Recently Business Insider UK shared an article with the title: ‘’The US is ahead of Europe in blockchain innovation’’. To comment on this topic Eggsplore invited Hanna Zubko, from IntellectEU, to an interview.
Eggsplore: This article mentions distinct ways to rate the countries regarding blockchain. How do you analyse the number of patents for blockchain-based products as a measure of progress in blockchain innovation?
Mrs Zubko: The United States has a strong culture of Intellectual Property Rights protection and obtaining patents is one of the objectives for R&D activities. The key question is whether those patents are used. Therefore, I would rather measure progress in the number of production implementations, millions of Euros or USD saved and earned, or number of lives positively touched. Number of patents is a fair measure, but in my opinion far from being the absolute one.
Eggsplore: Banks in Europe and in the US are venturing down different paths to expand blockchain innovation, the first on is based on collaboration and the second one on individual projects. How do you evaluate in the long term, the pros and cons of both approaches?
Mrs Zubko: In a long-term perspective, collaboration wins, and network effects can create economies of scale yet untapped. My observation is that blockchain related collaboration becomes more and more global and cross-industry. Linux Foundation’s Hyplerledger is a good example of such collaborative project that brings together 95+ members including banks, corporation and technology companies working to advance open source blockchain and smart contract technology. The geography of members and contributors ranges from the US and multiple European countries including Belgium all the way to Japan, China and Australia.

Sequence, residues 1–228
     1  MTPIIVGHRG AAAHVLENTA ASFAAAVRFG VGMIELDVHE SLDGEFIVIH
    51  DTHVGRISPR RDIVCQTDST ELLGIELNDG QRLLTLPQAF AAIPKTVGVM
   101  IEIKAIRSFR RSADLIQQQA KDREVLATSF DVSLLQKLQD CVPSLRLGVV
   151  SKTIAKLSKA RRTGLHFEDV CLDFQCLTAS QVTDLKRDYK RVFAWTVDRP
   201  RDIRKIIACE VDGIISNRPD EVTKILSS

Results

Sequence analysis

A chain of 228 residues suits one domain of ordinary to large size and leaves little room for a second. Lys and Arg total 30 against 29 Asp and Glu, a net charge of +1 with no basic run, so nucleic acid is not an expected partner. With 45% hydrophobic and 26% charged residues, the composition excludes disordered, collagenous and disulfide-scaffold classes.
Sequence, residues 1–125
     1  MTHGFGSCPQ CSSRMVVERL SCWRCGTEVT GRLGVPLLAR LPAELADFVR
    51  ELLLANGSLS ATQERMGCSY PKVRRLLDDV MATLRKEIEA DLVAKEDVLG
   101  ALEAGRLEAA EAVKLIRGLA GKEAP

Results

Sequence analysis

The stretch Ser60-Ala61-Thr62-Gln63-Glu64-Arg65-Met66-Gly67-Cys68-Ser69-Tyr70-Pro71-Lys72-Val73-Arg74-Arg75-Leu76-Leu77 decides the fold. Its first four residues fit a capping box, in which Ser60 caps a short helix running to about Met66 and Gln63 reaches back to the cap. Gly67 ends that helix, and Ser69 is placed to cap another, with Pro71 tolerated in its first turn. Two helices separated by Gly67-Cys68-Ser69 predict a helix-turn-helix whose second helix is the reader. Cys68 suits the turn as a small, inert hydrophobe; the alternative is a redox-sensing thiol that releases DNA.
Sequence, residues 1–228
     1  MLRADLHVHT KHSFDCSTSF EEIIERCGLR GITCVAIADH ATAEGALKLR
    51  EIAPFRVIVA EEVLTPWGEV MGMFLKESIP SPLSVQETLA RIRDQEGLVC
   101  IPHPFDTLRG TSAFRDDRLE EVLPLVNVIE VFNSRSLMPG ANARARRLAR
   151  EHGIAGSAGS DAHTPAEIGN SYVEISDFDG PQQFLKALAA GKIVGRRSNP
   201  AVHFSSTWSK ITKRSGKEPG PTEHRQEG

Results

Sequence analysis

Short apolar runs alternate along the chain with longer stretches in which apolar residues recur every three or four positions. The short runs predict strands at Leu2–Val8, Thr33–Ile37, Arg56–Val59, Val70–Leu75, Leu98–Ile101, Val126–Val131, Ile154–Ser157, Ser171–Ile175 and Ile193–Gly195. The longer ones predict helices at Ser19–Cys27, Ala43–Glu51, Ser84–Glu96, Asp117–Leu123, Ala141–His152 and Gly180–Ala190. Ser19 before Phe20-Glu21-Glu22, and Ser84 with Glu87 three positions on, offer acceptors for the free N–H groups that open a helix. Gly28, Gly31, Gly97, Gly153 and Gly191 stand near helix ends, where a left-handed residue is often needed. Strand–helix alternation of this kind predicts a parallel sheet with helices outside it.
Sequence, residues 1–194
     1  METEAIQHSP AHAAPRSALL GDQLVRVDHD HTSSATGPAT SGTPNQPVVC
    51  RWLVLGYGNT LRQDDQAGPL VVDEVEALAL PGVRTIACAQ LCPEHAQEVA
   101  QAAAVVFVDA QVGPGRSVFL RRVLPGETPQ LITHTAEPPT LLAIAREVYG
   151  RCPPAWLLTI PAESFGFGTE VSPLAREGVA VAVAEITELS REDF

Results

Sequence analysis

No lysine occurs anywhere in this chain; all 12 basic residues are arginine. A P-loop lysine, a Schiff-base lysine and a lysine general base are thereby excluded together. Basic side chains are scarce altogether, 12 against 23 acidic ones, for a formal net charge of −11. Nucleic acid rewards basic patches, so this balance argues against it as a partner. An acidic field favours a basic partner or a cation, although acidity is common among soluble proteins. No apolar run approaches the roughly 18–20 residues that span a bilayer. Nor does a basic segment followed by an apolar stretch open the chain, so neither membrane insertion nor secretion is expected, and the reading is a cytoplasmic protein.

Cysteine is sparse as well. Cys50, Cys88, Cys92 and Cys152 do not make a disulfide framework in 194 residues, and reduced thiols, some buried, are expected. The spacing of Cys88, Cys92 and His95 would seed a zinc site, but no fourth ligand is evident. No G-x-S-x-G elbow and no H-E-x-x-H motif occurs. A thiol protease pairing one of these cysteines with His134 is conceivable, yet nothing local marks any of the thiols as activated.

In the short term I also see value for banks and corporations in exploring and comparing available blockchain technologies within individual projects that are aimed to bring value at the enterprise level already today. The use cases would typically focus on elimination of internal reconciliation, validation of identity of signers and document integrity, optimization of document flows, enhanced security and compliance.
Eggsplore: What are the challenges that the European banks still need to overcome to have blockchains in commercial production and at scale?
Mrs Zubko: The challenges of deploying blockchain solutions in commercial production and at scale are rather global, since technology is still in its early days. MIT’s Joi Ito compares current state of blockchain technology to the state of Internet in 1989. Clearly, further collaboration will be required to harness promised potential and develop production ready solutions.
To accelerate those processes, European banks should become more open to share and exchange ideas. I have an impression that overall European culture of innovation is more closed and gated. I was surprised to experience the open culture of ideas sharing in Silicon Valley and a well-known expression “ideas are worthless, execution is everything”. So, I would encourage European banks to share ideas as much as possible. After properly patenting them.
Hanna Zubko Co-Founder & VP of Business Development, IntellectEU Inc. New York City
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